Age of arrival in the U.S
Foreign born Survey respondents were asked to indicate the month and or year when they arrived in the U.S., and this information was used by NHANES personnel to categorize each participants’ length of time spent in the U.S. into the following: less than 1 year, 1<5 years, 5<10 years, 10<15 years, 15<20 years, 20<30 years, 30<40 years, 40<50 years, and ≥ 50 years. Because the actual length of time spent in the U.S. was not available, we estimated participants’ approximate age of arrival in the U.S. by subtracting the minimum, mid-point, and maximum values of their categorized length of time in the U.S. from their age at the time of the survey; we only report results from use of the mid-point value here.
Categorization of body mass index values
All NHANES participants at least 2 of age who participated in the physical examination portion of the survey were eligible for BMI measurement. Among 19,721 total NHANES participants, BMI values were recorded as a continuous variable for 17,059 persons. We examined BMI as a categorical measure, and for those 21 years of age and older, categorized as underweight (<18.5), normal (18.5-24.9), overweight (25-29.9) and obese (>30.0). Those 2 years of age to 20 years of age categorized in the previously described categories using the CDC-Growth Age BMI charts . The chart uses percentiles, and considers both gender and age. Underweight is defined as less than the 5th percentile, normal as between the 5th and 85th percentile, overweight defined as between the 85th and 95th percentile and lastly, obese as at or above the 95th percentile[12,13].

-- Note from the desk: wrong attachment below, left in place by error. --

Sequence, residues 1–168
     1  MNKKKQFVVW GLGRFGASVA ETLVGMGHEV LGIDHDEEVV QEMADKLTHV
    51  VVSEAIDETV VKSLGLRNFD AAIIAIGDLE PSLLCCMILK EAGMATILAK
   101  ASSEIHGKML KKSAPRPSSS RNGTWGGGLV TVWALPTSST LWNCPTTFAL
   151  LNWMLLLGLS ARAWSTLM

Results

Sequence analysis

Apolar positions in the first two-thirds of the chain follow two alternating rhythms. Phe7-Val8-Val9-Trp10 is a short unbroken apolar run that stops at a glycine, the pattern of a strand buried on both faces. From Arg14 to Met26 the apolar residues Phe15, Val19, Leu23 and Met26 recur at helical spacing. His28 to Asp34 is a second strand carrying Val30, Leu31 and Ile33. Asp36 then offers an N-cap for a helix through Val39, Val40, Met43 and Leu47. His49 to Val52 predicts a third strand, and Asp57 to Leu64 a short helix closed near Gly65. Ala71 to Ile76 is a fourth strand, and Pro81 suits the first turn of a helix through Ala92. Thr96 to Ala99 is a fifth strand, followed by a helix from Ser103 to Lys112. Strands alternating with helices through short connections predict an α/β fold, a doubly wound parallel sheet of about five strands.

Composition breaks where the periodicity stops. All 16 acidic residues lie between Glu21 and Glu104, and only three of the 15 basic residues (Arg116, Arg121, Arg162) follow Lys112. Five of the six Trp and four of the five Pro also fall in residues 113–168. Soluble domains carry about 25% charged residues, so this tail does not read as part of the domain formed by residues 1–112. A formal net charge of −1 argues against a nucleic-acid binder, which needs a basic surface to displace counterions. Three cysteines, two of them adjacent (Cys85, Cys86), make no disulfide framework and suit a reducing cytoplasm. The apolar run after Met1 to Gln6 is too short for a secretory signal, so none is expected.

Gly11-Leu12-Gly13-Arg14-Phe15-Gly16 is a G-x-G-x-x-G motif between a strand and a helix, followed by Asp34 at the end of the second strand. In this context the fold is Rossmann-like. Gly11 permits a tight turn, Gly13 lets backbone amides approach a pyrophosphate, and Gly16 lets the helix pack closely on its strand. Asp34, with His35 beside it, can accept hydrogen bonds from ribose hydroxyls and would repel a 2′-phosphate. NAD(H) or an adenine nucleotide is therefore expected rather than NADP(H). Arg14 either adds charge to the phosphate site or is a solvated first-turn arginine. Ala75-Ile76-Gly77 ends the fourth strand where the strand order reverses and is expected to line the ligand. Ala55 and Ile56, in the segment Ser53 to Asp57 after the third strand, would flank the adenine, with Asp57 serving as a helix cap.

Identification of latent tuberculosis infection